Euro zone better placed to survive members' instability, ECB's Draghi says

PARIS Wed Oct 2, 2013 9:20am EDT

Related Topics

PARIS (Reuters) - The euro zone and its currency are in better shape than they were, and less susceptible to political instability in countries like Italy, Portugal and Greece, European Central Bank President Mario Draghi said on Wednesday.

Asked about the recent political problems in Italy, Draghi told a news conference that he would only speak in general terms, but that while such instability could cause local economic problems, it did not spread to the bloc as a whole.

"It doesn't really hurt the foundation of the euro zone as it used to do a few years ago," he told a news conference in Paris. "The euro zone and the euro (are) more resilient than (they were) a few years ago.

He said the ECB's pledge to provide funds in some circumstances to countries in difficulty had helped.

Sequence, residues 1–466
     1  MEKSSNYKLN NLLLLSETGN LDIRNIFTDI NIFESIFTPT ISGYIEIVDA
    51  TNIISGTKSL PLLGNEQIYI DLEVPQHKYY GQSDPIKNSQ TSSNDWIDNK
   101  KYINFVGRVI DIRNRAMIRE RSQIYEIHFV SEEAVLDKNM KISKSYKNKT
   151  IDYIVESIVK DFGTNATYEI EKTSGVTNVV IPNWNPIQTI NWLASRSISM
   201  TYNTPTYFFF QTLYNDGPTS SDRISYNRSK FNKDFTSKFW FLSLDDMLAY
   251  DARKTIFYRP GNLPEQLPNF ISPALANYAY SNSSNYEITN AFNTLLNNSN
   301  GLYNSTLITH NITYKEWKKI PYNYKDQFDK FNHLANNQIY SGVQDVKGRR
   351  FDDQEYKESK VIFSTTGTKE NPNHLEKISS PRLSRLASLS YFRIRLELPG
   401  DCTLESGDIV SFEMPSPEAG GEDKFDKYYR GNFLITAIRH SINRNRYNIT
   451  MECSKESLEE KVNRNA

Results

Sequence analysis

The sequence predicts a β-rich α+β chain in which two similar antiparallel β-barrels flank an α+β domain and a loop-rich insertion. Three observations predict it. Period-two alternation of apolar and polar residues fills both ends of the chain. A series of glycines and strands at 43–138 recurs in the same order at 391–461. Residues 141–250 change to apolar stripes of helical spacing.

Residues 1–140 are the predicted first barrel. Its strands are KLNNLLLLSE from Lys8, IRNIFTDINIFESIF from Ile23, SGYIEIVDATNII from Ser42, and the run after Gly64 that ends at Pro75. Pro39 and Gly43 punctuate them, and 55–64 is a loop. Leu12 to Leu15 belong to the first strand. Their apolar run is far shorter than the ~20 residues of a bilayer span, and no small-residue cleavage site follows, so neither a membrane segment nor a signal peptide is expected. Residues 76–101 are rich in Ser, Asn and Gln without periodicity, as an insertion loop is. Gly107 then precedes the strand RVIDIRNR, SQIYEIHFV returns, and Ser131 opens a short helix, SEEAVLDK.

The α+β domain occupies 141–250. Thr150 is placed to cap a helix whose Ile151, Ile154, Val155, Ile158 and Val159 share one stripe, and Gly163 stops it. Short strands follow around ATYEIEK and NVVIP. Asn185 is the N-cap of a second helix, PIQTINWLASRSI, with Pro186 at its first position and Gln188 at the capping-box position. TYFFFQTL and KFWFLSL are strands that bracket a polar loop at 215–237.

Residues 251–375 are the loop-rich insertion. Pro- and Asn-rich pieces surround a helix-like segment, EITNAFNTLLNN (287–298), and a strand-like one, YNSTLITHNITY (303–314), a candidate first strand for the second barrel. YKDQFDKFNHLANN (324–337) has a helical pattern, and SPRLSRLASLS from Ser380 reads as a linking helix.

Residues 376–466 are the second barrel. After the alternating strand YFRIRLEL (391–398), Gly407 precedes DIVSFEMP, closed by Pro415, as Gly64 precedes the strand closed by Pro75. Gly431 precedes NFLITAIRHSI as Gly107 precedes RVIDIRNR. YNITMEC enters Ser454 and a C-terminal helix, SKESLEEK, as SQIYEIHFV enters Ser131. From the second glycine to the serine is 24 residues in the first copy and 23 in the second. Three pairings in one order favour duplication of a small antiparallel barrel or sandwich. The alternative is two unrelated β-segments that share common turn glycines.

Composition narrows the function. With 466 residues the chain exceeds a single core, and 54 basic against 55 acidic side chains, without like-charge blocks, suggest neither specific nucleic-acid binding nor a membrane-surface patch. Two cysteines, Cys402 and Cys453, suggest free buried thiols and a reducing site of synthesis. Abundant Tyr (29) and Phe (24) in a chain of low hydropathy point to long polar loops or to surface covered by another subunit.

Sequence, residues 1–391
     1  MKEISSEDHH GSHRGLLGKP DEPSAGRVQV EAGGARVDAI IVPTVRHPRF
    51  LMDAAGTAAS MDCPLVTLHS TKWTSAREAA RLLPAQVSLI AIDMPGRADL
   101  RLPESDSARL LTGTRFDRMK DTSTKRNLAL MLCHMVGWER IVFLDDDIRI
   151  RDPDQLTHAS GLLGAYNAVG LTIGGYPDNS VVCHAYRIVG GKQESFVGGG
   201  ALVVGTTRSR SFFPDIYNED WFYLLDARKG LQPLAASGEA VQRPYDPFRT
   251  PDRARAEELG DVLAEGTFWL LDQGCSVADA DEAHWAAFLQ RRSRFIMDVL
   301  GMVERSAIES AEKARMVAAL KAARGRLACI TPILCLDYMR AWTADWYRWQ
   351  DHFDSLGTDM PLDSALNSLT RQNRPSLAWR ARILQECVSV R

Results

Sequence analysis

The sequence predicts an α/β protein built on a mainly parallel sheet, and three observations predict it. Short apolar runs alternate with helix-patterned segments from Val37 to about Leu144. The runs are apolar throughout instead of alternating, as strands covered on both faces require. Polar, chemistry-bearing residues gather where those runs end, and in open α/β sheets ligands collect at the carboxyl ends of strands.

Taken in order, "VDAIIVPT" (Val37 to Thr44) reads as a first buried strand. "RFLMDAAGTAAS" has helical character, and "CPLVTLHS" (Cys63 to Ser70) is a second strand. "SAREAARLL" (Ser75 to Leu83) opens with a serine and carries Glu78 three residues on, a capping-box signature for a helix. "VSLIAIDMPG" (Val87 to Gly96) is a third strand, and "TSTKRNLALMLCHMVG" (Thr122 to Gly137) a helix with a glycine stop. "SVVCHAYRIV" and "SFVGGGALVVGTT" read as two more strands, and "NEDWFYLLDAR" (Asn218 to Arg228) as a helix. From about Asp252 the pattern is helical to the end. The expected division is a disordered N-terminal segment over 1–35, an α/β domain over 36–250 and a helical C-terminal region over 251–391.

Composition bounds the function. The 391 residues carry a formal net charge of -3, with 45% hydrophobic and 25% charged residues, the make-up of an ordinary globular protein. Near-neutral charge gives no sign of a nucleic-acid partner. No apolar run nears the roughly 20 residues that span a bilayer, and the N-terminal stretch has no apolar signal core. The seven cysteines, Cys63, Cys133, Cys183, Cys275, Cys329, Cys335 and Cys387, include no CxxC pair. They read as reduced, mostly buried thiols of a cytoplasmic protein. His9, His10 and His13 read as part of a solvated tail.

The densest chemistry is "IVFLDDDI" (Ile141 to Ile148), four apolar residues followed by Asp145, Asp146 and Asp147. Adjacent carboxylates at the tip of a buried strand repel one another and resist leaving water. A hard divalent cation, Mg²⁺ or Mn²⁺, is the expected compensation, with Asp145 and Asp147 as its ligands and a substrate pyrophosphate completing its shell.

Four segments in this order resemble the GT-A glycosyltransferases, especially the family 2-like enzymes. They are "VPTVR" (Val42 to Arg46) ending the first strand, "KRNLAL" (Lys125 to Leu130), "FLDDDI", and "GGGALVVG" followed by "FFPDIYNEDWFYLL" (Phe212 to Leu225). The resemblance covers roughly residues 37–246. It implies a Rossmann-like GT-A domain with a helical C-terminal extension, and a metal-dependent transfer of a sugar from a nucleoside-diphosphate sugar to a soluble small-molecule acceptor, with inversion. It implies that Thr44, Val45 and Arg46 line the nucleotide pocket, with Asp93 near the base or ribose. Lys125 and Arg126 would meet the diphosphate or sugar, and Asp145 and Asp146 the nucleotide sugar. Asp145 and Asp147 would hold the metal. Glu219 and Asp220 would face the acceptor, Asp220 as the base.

"(Also) the governance of the euro area has progressed significantly," he said.

Draghi was speaking after the ECB left interest rates on hold.

(Reporting by Jeremy Gaunt)

FILED UNDER:
We welcome comments that advance the story through relevant opinion, anecdotes, links and data. If you see a comment that you believe is irrelevant or inappropriate, you can flag it to our editors by using the report abuse links. Views expressed in the comments do not represent those of Reuters. For more information on our comment policy, see http://blogs.reuters.com/fulldisclosure/2010/09/27/toward-a-more-thoughtful-conversation-on-stories/
Comments (1)
breezinthru wrote:
Say it is so does not make it so.

Italy is less politically unstable today than it was a few days ago, but the Eurozone banking system’s practice of weighting its own sovereign debt as zero risk conceals an enormous and ugly financial flaw.

Oct 03, 2013 8:49am EDT  --  Report as abuse
This discussion is now closed. We welcome comments on our articles for a limited period after their publication.